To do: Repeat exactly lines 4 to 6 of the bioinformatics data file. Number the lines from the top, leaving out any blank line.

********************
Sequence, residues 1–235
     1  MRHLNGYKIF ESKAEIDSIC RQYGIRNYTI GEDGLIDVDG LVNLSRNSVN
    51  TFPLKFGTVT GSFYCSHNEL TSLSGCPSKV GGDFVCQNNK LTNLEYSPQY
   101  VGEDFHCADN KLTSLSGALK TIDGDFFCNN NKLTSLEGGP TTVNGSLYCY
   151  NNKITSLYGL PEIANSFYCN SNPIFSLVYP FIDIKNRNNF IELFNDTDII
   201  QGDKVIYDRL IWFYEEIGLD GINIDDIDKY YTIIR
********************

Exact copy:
   101  VGEDFHCADN KLTSLSGALK TIDGDFFCNN NKLTSLEGGP TTVNGSLYCY
   151  NNKITSLYGL PEIANSFYCN SNPIFSLVYP FIDIKNRNNF IELFNDTDII
   201  QGDKVIYDRL IWFYEEIGLD GINIDDIDKY YTIIR